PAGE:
Lonely Planet is launching a range of children's books called Not-for-Parents, and says that it sees children's publishing as a "good route" to grow the business.
The international travel guide publisher will launch four titles under the themes London, Paris, New York City and Rome in October for £10 each. However, it insists the books are "not kids' travel guides". Instead, editorial director at Lonely Planet, Piers Pickard, said: "They are books about places, history and culture with stories about facts, figures and people—but the story comes first and the place second."
The company will also release a fifth title onto the market at the same time, a hardback children's version of The Travel Book—a photographic collection of shots from different locations around the world, which will mimic the adult version and cost £15.
Pickard added: "We have been looking to grow and expand into related areas of publishing and saw kids as an obvious one we could do well in. We are hoping to rely on the trust we have built up from parents buying our travel guides, who will then want to buy these books for their children."
The Not-for-Parents series will be the third children's collection associated with the travel publishing sector to emerge by the end of the year.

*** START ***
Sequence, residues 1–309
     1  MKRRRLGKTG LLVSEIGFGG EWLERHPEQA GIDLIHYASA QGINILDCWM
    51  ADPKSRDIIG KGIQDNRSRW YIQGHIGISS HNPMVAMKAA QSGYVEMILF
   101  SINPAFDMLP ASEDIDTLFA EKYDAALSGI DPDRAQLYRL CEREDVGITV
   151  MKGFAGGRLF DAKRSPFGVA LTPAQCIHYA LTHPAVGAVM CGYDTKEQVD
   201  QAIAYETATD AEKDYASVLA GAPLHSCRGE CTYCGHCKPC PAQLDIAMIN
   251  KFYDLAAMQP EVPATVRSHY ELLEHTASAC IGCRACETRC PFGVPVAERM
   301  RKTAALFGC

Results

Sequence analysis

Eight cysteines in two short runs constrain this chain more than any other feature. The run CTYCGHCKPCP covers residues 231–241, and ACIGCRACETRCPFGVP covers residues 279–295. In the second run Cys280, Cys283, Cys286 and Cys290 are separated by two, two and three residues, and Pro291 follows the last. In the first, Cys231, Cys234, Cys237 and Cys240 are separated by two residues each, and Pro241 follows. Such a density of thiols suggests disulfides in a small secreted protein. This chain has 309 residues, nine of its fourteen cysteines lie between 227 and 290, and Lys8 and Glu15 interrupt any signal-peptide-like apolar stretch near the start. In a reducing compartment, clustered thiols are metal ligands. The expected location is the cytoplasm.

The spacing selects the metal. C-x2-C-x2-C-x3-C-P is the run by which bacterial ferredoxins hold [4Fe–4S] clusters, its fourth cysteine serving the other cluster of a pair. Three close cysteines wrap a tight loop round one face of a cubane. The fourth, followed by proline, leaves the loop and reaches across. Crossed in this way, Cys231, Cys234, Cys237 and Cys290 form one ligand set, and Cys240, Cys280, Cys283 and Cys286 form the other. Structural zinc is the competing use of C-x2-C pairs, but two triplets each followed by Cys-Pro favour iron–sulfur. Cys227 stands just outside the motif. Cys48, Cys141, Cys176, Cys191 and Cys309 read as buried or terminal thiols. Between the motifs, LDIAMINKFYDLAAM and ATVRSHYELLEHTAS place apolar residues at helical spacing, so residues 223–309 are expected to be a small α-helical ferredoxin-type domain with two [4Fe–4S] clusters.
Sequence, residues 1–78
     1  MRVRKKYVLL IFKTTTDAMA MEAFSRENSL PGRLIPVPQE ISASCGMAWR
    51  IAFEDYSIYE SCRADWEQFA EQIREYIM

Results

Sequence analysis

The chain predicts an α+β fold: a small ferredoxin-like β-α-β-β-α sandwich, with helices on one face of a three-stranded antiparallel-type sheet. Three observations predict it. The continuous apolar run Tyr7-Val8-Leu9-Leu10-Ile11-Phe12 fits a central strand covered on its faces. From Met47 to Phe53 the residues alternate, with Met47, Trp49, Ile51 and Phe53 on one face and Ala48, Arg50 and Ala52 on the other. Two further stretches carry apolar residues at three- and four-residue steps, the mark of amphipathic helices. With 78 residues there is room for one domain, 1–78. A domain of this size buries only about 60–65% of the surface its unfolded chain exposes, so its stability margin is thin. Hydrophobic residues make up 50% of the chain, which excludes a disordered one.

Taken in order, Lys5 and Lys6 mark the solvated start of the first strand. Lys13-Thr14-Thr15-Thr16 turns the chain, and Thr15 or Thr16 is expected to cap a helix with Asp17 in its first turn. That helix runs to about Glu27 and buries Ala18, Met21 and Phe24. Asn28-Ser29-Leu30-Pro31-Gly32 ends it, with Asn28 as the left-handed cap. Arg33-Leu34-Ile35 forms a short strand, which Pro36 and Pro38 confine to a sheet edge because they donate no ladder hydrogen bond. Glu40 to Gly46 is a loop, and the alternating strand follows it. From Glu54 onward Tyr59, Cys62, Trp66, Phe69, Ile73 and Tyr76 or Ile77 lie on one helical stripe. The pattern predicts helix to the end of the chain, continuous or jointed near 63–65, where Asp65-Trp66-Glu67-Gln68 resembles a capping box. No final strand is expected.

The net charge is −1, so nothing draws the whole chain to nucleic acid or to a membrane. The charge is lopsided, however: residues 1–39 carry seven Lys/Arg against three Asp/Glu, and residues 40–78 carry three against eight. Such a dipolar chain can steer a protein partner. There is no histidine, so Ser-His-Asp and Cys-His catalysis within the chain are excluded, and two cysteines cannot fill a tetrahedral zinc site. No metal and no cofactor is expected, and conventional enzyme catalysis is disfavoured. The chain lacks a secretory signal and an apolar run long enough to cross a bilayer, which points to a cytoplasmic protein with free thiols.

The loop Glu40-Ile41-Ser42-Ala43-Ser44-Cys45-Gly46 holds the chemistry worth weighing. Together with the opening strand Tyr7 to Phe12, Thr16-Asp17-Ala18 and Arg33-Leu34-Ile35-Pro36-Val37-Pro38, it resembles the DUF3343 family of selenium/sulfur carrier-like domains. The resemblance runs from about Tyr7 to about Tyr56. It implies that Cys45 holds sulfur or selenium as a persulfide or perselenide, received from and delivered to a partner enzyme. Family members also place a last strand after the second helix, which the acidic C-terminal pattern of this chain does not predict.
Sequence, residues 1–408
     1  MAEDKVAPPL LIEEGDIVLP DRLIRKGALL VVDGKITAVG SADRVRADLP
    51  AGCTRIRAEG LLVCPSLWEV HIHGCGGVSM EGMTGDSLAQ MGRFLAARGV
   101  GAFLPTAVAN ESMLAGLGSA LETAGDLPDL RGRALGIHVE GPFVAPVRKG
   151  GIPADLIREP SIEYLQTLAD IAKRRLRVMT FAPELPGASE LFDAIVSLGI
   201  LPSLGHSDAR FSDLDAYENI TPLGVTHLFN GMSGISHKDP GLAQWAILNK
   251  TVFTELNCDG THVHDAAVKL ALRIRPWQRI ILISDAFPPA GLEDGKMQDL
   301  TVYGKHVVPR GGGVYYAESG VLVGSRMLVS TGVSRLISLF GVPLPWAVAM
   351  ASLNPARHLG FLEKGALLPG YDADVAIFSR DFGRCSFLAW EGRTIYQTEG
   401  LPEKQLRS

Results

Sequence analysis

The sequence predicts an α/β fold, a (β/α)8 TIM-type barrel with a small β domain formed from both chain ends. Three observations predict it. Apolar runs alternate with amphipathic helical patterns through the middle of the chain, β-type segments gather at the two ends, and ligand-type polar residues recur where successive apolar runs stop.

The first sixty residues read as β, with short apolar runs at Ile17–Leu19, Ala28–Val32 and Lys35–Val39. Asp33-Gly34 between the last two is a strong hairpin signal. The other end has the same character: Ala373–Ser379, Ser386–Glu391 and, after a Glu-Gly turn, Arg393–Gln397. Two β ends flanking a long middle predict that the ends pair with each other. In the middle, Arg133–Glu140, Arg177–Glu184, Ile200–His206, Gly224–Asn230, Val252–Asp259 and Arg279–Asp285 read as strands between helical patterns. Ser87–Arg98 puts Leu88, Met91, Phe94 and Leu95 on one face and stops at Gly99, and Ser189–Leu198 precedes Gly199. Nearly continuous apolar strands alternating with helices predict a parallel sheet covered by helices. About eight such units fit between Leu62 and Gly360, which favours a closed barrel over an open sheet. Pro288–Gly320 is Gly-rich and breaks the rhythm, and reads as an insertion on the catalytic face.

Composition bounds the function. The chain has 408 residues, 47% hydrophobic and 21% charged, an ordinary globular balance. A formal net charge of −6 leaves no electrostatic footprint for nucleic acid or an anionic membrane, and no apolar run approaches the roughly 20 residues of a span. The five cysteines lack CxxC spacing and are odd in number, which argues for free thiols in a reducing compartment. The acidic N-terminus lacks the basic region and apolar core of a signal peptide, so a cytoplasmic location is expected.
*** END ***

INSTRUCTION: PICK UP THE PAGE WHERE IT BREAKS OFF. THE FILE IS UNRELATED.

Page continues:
Asia-based publisher Haven Books is also soon to release a range of children's travel guides entitled Kidsgo! Tell Your Parents Where to Go for £6.99.
Factfinder Guides has been selling travel books for kids—Unlocked Guides—for a year, and told The Bookseller it had shifted 10,000 copies in its first year.
Joshua Perry, co-founder of Factfinder, said he thought the emergence of children's travel literature onto the market would soon be significant enough to demand its own category heading in bookshops. "If you are in the travel publishing sector and you are concerned about the direction you are going, you are going to be looking around for areas of growth and kids' travel guides is an obvious route," he said.
Pickard added: "The travel publishing sector has been hit in the global financial crisis because people decided to travel less, and in those circumstances publishers diversify."
- Hachette Children's looks to digital and licensing growth
- Murray Hill calls for publishers to be 'agents of social change'
- UK publishers apply for offices in Sharjah's Publishing City
- Travel publishers hopeful post-lockdown wanderlust will propel sector after nadir
- Trade asked for evidence so UK can retain 'world-leading' publishing sector